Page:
In my last article (Will your ERP implementation pass an audit?), I recommended testing business processes, system changes, and controls during an ERP implementation. I also recommended keeping records of testing, such as test plans, test scripts, and testing results. In this article, I will highlight some of the testing functionality available in Team Foundation Server that can help you manage and keep records of your ERP implementation testing.
What is Team Foundation Server?
Team Foundation Server (TFS) is a Microsoft product that provides functionality covering the entire application lifecycle: source code management, reporting, requirements management, project management, automated builds, lab management, testing, and release management. In this article I will focus on testing functionality available in TFS, specifically:
- Organizing test cases using test plans and test suites
- Creating test cases
- Running test cases
- Viewing test results
Organizing test cases using test plans and test suites
In TFS, a test case is a set of test steps, with actions and expected results. A test suite is a collection of test cases, and a test plan is a collection of test suites. Test plans and test suites are used to group test cases. You can be very creative when setting up your test plans and test suites. In the example below, test suites are grouped by business process, in a Process Testing test plan. Test cases are then assigned to the appropriate test suite based on the business process being tested.
Below is an example of a test case, showing actions and expected results:
Creating test cases
Once you have at least one test plan and test suite created, you can create a test case. You can create a single test case, or you can create multiple test cases at one time using grid functionality. In the test suite in which you want to create a test case(s), select New:
Selecting the New test case option will open an empty test case form, in which you will enter the title, actions, expected results, and other information about the test case:
Selecting the New test case using grid option will open an empty grid form, in which you will enter the title, actions, and expected results for multiple test cases:
Below are a few items to consider when creating test cases:
- Test cases generally have 3-10 test steps
- Test cases should be relatively quick to create and run
- A test case should not span multiple security roles
- Test cases should be uniquely numbered and named (TFS takes care of unique numbering, assigning a unique number when a test case is saved)
- A test case should identify specific test data if needed to run the test case
- A test case should identify dependencies, if applicable
- Each test step (action) should have an expected result
Running Test Cases
Once you have created a test case, you can run the test case. To run a test case, select Run > Run Test:
Microsoft Test Runner will open, with the test case actions and expected results displayed:
As you run through the test case steps, you can mark each test step as passed (by marking the checkmark) or failed (by marking the X). If a test step fails, you can enter a comment, explaining why the test step failed:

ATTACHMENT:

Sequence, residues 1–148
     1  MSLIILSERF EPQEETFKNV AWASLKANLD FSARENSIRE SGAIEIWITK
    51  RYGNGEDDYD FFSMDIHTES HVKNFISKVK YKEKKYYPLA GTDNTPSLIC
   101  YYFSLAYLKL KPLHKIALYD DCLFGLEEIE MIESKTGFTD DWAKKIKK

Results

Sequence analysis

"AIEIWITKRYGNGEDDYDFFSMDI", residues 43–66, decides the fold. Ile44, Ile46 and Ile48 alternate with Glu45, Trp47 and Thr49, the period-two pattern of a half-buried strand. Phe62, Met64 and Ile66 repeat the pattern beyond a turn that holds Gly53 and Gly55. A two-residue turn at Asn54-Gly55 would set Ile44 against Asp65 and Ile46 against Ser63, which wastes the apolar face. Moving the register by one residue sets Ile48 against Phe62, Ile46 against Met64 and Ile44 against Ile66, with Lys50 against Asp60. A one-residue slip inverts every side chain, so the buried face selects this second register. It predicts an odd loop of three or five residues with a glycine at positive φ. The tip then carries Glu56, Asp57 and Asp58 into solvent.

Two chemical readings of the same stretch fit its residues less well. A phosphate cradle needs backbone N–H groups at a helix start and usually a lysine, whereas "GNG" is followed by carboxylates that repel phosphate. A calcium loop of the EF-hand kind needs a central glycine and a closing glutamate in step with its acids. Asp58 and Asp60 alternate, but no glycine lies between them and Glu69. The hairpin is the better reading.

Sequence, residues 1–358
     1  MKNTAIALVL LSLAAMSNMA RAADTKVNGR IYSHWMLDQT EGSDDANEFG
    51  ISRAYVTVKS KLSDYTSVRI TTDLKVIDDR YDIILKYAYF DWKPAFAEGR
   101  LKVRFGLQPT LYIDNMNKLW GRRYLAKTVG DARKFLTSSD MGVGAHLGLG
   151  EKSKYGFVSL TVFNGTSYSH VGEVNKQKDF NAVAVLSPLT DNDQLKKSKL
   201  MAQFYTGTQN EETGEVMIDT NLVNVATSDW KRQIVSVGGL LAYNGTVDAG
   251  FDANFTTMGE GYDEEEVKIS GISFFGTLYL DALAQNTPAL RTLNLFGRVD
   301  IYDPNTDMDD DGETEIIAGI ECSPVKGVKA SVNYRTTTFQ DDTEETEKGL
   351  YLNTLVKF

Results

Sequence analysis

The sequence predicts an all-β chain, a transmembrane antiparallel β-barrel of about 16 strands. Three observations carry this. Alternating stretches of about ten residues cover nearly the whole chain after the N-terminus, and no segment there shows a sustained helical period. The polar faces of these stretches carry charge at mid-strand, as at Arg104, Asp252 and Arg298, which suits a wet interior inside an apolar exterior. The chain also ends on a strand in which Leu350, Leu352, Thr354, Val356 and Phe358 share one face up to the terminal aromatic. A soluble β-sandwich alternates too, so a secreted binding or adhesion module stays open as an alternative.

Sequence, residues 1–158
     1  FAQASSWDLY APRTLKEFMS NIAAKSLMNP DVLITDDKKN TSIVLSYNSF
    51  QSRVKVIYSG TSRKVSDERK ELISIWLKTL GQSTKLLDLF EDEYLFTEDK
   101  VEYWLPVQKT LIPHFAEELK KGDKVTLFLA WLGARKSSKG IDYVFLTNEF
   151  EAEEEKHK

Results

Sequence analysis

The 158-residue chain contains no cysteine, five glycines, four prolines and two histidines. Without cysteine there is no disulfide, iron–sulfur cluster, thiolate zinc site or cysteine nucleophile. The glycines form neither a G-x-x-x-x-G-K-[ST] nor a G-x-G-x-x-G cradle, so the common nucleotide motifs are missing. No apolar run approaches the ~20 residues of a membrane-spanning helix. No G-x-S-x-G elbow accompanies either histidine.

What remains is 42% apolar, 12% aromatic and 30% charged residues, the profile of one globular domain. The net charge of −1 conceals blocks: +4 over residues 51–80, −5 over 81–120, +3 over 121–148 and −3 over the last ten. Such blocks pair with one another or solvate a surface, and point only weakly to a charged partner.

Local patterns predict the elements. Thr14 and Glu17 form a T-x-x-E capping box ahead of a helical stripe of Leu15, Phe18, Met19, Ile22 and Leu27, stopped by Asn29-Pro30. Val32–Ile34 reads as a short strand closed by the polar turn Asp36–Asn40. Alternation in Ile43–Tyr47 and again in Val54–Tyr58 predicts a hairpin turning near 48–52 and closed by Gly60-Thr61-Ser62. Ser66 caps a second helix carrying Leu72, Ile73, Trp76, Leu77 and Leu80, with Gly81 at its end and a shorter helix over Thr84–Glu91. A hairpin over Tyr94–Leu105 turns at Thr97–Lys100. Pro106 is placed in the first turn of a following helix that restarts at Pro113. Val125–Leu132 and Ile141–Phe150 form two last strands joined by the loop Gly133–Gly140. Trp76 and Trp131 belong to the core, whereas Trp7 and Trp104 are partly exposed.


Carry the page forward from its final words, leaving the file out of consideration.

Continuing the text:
If a test step fails, in addition to entering a comment, you can create a bug by selecting the Create bug button at the top of the screen. An empty bug form will open, in which you will enter the title and other information about the bug. The test steps, expected results, run results, and comments will appear in the bug’s REPRO STEPS section, making it easily accessible for the person who is assigned to work the bug:
Viewing test results
After you run a test case, you can view the results of the test. You can view detailed test results for an individual test case as well as summary test results for all test cases in a test suite.
To view test detailed test results for an individual test case, first locate the test case in the test suite in which it was run:
Next, select the Show/hide details pane option:
In the test case details pane, click on the Test case option to the right of Pane, then select Test results from the drop-down list:
Test results for the selected test case will appear in the Recent test results pane:
Double-click the test result you want to view. This will take you to the Test Runs area, with the test result displayed:
Note: From the Runs option, you can also view test results for recent test runs. Select Recent test runs to see a list of recent test runs:
Double-click the test run for which you want to see test results. In the example below, I selected test run 764 from the list above.
Select Test results and double-click the test result to see more detail:
You can view summary test results for all test cases in a test suite by creating a chart. To create a chart of test results for a test suite, select the test suite for which you want to view test results, then select Charts:
Create a new test result chart by selecting New > New test results chart:
Select the type of chart you want to create on the left, then select the appropriate fields on the right. For Pie, Bar, and Column charts, you will select a field to Group by, and for Stacked bar and Pivot table charts, you will select fields for Rows and Columns. In the Pie chart example below, the chart is grouped by Outcome. Of 228 test cases in the test suite, 142 have not yet been run, 60 have passed, 21 have failed, and 5 are in progress:
More on Team Foundation Server
In this article, I have highlighted some of the testing functionality available in TFS. You can find additional information on Microsoft’s website: https://msdn.microsoft.com/en-us/library/dd380763.aspx.
If you are planning to use TFS to help manage your ERP implementation, consider using the test functionality to help manage and keep records of your ERP implementation testing. Happy testing!